Before I started the diet, I thought my greatest challenge would be getting the recommended amount of fat, while taking in so little carbs. I was wrong. Those two macronutrients became the easiest to manage.
Instead, keeping my protein under control proved to be the greatest threat to knocking me out of ketosis. I soon realized why every keto book I read had multiple uses and recipes for coconut oil, egg yolks, and bacon. These foods were high in fat, but relatively moderate in protein.
This continues to be a challenge for me and most likely would have taken more than 30 days to figure out. I also had a nasty bout of constipation as my body transitioned away from the whole grain and bean-based fiber that kept me regular. I had to really up the ante with the non-starchy vegetables to get what I needed.
Perhaps my greatest challenge was eating while traveling. On a business trip, I found myself at an event with a plated dinner that I could not eat due to its mound of quinoa sitting under a protein source I was allergic to. I left starving and binged on pecans and tofu jerky back at my hotel room. I realized success in sticking to this diet would always be made easier the more control I had of my environment.
Just as the holidays can derail even the healthiest diets, a lack of planning in a ketogenic diet could be the kiss of death. Finally, I read about the bad breath often accompanied with ketosis. I didn’t feel this impacted me. If it did, no one told me!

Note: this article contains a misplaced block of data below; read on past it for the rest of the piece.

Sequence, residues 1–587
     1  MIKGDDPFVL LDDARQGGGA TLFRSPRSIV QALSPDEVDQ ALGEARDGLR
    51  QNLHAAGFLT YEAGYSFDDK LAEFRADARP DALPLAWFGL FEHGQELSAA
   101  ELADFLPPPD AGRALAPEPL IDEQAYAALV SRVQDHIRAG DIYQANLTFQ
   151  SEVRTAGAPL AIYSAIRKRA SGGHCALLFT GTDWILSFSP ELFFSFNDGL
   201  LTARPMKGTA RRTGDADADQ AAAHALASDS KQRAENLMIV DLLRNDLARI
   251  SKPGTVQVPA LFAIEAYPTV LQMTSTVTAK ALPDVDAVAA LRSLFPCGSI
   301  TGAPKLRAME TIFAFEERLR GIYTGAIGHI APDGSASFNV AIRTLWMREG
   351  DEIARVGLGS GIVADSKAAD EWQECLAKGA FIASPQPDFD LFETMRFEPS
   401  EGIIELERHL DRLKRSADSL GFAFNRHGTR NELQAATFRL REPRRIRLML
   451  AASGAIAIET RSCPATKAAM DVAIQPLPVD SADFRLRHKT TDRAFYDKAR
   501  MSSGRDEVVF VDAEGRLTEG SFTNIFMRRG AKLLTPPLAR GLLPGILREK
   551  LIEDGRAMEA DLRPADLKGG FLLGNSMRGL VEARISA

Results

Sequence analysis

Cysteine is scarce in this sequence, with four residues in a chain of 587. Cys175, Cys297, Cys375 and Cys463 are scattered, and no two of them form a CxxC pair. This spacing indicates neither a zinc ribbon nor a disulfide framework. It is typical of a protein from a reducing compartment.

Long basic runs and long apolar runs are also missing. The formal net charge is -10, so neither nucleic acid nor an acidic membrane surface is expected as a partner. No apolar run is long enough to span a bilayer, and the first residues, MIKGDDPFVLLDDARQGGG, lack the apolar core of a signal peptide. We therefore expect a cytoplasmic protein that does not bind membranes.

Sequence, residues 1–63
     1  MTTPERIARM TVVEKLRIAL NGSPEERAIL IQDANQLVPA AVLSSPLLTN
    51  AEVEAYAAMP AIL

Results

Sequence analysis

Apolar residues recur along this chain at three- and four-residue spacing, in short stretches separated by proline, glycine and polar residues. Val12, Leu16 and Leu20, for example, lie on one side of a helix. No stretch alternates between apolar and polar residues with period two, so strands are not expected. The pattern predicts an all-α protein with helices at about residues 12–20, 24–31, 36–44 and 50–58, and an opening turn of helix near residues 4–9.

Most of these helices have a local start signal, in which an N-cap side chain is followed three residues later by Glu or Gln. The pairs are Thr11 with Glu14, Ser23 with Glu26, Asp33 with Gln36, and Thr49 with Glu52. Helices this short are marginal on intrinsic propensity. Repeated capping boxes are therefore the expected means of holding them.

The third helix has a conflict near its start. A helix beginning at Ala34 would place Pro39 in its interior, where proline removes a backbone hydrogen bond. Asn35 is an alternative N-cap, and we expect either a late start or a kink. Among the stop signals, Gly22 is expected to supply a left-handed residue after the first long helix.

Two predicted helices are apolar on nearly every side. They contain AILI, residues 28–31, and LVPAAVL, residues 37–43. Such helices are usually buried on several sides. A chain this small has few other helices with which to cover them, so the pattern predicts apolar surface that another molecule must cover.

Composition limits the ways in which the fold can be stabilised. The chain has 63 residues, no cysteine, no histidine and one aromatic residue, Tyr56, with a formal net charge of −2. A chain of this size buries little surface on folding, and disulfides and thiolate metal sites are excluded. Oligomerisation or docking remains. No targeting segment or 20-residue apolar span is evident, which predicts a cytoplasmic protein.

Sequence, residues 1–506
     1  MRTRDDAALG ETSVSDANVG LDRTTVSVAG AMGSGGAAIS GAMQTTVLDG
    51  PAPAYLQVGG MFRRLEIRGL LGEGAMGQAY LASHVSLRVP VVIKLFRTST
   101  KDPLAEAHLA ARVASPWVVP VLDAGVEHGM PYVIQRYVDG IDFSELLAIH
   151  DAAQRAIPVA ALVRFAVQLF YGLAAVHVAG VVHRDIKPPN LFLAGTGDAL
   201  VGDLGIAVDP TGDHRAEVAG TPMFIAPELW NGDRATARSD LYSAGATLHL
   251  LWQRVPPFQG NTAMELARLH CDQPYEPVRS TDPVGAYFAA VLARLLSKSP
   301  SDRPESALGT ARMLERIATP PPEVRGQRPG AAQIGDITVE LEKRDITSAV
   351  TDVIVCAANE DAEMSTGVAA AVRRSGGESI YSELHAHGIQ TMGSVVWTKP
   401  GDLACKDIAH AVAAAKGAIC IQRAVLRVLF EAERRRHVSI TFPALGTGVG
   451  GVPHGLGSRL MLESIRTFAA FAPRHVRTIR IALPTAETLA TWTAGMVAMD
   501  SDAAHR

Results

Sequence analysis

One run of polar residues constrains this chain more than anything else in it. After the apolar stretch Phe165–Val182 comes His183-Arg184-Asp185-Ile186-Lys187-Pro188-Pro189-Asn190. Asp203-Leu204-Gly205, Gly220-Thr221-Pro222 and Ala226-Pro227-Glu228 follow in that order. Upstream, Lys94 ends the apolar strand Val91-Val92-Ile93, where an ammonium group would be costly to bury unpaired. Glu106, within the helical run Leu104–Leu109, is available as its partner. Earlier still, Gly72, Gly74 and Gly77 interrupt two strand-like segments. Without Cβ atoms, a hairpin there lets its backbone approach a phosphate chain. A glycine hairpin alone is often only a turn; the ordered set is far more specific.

My diet officially started just before Halloween — a holiday that's traditionally free reign for me to steal candy from my own children’s loot. Four candy-laden parties led up to the actual trick-or-treating, each of them abundant with carbohydrate sources. I had none of it. It felt both amazing and empowering. Even during the tough few days, I realized I could give up all sugar and be just fine. Perhaps this was one of the greatest results of trying the diet.
The other surprising impact was my complete lack of hunger. I knew fat fills you up. However, I was surprised after the initial shock subsided that my hunger went along with it. What I had been preaching to my patients for the past two decades was, in fact, the truth: It’s not the calories that matter, it’s the type. My daily calorie consumption during my 30 days was at an all-time high. It makes sense, since gram for gram, calories from fat are more than double that of carbohydrates or protein. Despite this, I lost weight. I felt better in my clothing. I also felt that my belly, which I struggle with, had deflated. (Some experts advise against the ketogenic diet for weight loss.)
How to start the keto diet
If the ketogenic diet is one you feel you are a good candidate for, then don’t wait, start today! Start by planning out meals that follow the macronutrient breakdown detailed in this article. You can use an app that tracks your snacks and meals. I also found ketogenic recipe books to be very helpful.